Shahid Buttar: Is Congress ripe for a renaissance?
There is no simple way to describe Shahid Buttar.
He’s the son of Muslim refugees, a civil rights lawyer, an activist, a grassroots organizer, a DJ, a spoken word artist, a writer, a musician and music producer, among other things. Running as a candidate for San Francisco’s 12th District is just one of many things the 43-year-old is doing with his life, but at the moment it is the most important.
A Renaissance man, or woman, is one who makes talents of curiosities and expertise of talents, that knows no end to the pursuit of knowledge and mastery. We once revered those people, they once led us to greater things by challenging our limits of possibility. Buttar would not call himself a Renaissance man, but others do, and some might think that our government could benefit from a little renaissance of its own.
He strives to “demonstrate excellence” in his various pursuits, but when one of those endeavors includes being a member of Congress, it begs the question of whether or not it’s possible to balance all those spinning plates. There’s a certain confidence and lack of hesitation in Buttar’s response to that question.
“I like my music, I’m a pretty damn good lawyer and I haven’t found a stronger candidate in this race, so I think yes is the short answer.”
Is he the right man for the job? He thinks he is – in fact, he believes he is just right for the job. “I like to think of myself in that respect as kind of like the Goldilocks, old enough to have experience, young enough to have energy,” Buttar said. “I’m not ossified, I’m not inexperienced.”
“I’m the only challenger to Nancy Pelosi who’s done any work on federal policy issues and I’ve done a lot of work on a lot of federal policy issues. Particularly ones that mean a lot to this city.”
There is no doubt the man is a policy wonk. He recites U.S. Code sections and legislation chronology with uncanny ease, which is less surprising when you discover he graduated summa cum laude from Loyola University Chicago and later earned his J.D. from Stanford Law while acting as a teaching assistant and as the executive editor of the Stanford Environmental Law Journal, establishing an early pattern of juggling multiple pursuits with notable success. Unlike many scholars, he’s not satisfied to relegate his knowledge to conversational party tricks. He’s not satisfied at all unless he has boots on the ground, so to speak, and so he has spent the better part of his legal career doing just that.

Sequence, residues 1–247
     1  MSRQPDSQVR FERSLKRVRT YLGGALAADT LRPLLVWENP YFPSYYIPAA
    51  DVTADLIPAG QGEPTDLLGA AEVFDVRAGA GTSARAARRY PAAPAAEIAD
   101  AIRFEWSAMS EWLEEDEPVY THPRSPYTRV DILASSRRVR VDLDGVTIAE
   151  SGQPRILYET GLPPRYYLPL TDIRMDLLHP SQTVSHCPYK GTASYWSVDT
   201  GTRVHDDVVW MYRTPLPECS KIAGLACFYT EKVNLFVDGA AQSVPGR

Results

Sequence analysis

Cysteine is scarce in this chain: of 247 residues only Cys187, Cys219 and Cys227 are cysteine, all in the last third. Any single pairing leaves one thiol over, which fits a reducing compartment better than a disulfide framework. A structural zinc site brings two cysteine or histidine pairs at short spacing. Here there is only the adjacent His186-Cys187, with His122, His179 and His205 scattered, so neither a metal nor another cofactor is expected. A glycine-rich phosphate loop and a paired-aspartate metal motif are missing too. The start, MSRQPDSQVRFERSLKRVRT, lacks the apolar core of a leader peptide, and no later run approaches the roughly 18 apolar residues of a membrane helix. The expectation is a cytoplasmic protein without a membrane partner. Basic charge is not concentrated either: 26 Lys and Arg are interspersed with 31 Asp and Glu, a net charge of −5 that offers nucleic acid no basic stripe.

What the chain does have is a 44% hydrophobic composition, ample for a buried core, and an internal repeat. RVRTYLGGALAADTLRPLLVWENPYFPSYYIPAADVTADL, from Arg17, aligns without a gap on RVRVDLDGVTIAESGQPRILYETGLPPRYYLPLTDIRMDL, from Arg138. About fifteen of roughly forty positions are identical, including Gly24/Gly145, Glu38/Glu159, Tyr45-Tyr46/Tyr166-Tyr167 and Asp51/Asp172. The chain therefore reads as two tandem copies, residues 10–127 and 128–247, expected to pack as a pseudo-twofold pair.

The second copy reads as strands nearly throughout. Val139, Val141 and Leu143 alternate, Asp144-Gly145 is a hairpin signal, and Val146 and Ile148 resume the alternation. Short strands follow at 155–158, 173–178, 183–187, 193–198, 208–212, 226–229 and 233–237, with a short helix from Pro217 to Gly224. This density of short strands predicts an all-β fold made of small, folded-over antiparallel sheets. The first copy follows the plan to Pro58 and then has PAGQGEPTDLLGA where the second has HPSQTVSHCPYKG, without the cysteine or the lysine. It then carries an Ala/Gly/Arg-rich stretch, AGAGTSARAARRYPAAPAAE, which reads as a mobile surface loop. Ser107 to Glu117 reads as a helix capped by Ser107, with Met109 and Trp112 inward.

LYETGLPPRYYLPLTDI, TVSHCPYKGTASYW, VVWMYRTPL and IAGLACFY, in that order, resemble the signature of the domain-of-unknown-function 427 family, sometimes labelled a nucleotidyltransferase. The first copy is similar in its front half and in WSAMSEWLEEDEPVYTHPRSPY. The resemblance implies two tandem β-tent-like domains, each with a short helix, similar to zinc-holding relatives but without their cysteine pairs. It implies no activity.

The fight for marriage equality in 2004, under the Bush administration, gave him a taste for the impact he could make. Admittedly they lost that battle, but the young lawyer takes pride in knowing he helped push the war further along, a war that has since been won. “I have more than once embraced causes that seemed impossible and that may be the first and most prolific of those successes in terms of taking a seemingly impossible issue and pushing it into reality,” Buttar said.
As representative of San Francisco’s majority, he vows to stay on the front lines for issues he’s spent the last 15 years fighting for: marriage equality, peace and justice, civil liberties, drug policy and immigrant rights. And those topics are really just large umbrellas with myriad of micro policies he digs down into with an acute level of detail. He’s built years of experience working with organizations like the Bill of Rights Defense Committee, the American Constitution Society for Law & Policy and the Electronic Frontier Foundation to protect the public from constitutional violations like mass surveillance, police brutality and campaign finance corruption. Buttar questions the norm and authorities that protect it with little disregard for the consequence of doing so.